As we approach the date for celebrating our country’s birth, I wondered how our ancestors celebrated this holiday. Back before there were cars, radios, TV, and various other technological advances that help to bring us the huge parades, fireworks displays, and concerts that rock our nation in modern times, how did our ancestors celebrate?
It was not until 1870 that the U.S. Congress declared the 4th of July a federal holiday. Over the years, there has been dispute about when the celebration should actually take place. Congress secretly voted for independence on July 2, 1776, the final wording of the Declaration of Independence was approved July 4, 1776, the first public readings of the Declaration of Independence took place July 8, 1776, and delegates began signing the document on August 2, 1776. Controversy over the appropriate date for celebration has occurred, but July 4 th is the date that tradition has held.
In early years following our independence, readings of the Declaration of Independence were often accompanied by symbols of celebration such as muskets and cannons being fired, picnics and bonfires were held, parades took place, and there would be a speaker at the courthouse or church, generally a city official, such as the mayor or some other person of reputable standing. This fulfilled John Adams description of how a celebration should be conducted when he wrote on July 3, 1776, that it should be “solemnized with pomp and parade, with shows, games, sports, guns, bells, bonfires, and illuminations from one end of this continent to the other from this time forward forever more.” It is nice to know that 241 years later we are still living up to that vision.
In the early years of celebration, after the community speech was completed, the men would go into the tavern. Here, they would conduct 13 regular toasts honoring the 13 colonies. This was a tradition that began in 1777 and continued for over a century. The first toast generally went to the current President, the second to George Washington, and then an assortment that may have included our American Boys who have arms for their girls or for their country’s foes, a hempen neckcloth for all traitors, a toast to Uncle Sam, a toast that may foreign fashions never corrupt American manners, a toast to Our Native Land, one to the Tree of Liberty, one to the land we live in – let him who don’t like it leave it – and a toast to the glorious memory of our ancestors who shed their life’s blood to establish our liberty, with the thirteenth toast being for women.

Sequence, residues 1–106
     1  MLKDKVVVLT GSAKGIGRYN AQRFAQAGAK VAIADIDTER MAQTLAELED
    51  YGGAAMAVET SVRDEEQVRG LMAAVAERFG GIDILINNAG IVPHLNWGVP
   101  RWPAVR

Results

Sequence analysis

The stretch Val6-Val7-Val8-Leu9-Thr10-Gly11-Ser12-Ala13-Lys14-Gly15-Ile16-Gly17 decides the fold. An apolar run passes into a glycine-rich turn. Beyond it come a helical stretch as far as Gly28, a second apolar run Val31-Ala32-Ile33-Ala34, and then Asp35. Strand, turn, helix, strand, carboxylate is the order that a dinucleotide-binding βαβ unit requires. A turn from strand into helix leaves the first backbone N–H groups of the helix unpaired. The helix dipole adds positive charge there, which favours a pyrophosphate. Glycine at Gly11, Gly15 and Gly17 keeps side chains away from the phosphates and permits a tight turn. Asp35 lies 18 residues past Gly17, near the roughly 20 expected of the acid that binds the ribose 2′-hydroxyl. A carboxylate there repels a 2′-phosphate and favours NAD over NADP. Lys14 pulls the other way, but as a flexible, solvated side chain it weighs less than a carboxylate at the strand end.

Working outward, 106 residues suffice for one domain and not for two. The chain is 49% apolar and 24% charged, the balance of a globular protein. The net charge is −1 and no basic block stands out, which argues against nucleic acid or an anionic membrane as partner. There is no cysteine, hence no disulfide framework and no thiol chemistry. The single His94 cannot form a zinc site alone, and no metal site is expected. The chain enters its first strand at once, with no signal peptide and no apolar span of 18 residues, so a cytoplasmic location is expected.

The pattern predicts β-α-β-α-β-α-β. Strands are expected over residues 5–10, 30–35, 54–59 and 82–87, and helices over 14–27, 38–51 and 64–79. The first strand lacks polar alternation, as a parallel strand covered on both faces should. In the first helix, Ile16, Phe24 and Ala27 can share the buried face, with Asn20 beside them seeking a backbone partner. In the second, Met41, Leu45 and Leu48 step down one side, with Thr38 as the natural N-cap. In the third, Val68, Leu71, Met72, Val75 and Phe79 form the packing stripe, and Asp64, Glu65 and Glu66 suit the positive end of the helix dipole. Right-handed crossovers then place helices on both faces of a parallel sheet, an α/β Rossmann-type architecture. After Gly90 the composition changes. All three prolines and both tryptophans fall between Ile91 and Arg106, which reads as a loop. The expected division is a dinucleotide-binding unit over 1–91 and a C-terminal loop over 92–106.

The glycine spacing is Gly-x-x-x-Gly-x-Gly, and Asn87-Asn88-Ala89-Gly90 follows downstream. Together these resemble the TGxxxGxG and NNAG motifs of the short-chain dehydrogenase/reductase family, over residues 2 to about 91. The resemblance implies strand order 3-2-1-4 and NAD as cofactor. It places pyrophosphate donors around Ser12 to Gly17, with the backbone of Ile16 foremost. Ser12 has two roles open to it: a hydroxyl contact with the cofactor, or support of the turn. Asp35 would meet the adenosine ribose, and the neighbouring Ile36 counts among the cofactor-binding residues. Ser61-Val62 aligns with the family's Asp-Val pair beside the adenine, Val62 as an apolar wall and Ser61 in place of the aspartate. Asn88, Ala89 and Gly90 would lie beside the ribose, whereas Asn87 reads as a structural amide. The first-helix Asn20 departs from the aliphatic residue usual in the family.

Over time the celebration gradually changed, and around the 1850s, celebrations began to look similar to those festivities we hold today. The holiday moved away from large community events, and people were more inclined to enjoy the holiday in small gatherings of family and friends. Then, during the Civil War, the celebrations became more militaristic, with men marching through the streets fully armed and holding fake battles to display what was taking place on battlefields.
The celebrations took another shift around 1863, when events moved from militarism to escapism. People no longer wanted to remember battles; they wanted to escape from them. Widows and orphans who were the innocent victims of war struggled to survive, and fundraisers were conducted to provide for them.
The tradition of fireworks was established in Philadelphia in 1777 when Congress ordained the tradition, enjoying “a grand exhibition of fireworks, which began and concluded with thirteen rockets on the commons” as reported by The Evening Post. Those thirteen fireworks represented the thirteen states, an important symbolism for the Fourth of July. The popularity of fireworks grew throughout the country until, by the time of the centennial celebration in 1876, they were being set off from large platforms creating images of flags, bells and other such icons as cities attempted to outdo each other with their displays.
Today, we continue to host parades and have large fireworks displays. Unfortunately, the knowledge of our citizens has deteriorated to the point where citizens do not know the significance of the holiday symbols. Many cannot tell you the year of our independence, why we celebrate the 4th of July, or what the 13 rockets represent. They do not know our National Anthem. These things are important to the heritage of every American citizen. They are what our ancestors fought for, so we can live freely. Every citizen should know and understand their importance.
The St. Clair County Family History Group will meet on Wednesday, July 26, 2017, at the ST. CLAIR COUNTY LIBRARY - MAIN BRANCH at 6:30 p.m. The library is located at 201 McMorran Boulevard in Port Huron. Please note change of both time and location for this July meeting. Janet Curtis of the library's archives will tell about researching at the library and some of the new things in the Michigan Room. The meeting will last until 9 p.m., and there will be some time to do some of your own research after her talk.
(The St. Clair County Family History Group typically meets the fourth Wednesday of every month at 7:30 pm in the Port Huron Museum.) We welcome guests and new members to our meetings. Anyone interested in local history or researching their family tree is encouraged to become a member of our group or just attend one of our programs. Information about the group can be found online at http://www.rootsweb.ancestry.com/~misccfhg/index.html or call 317-600-7813.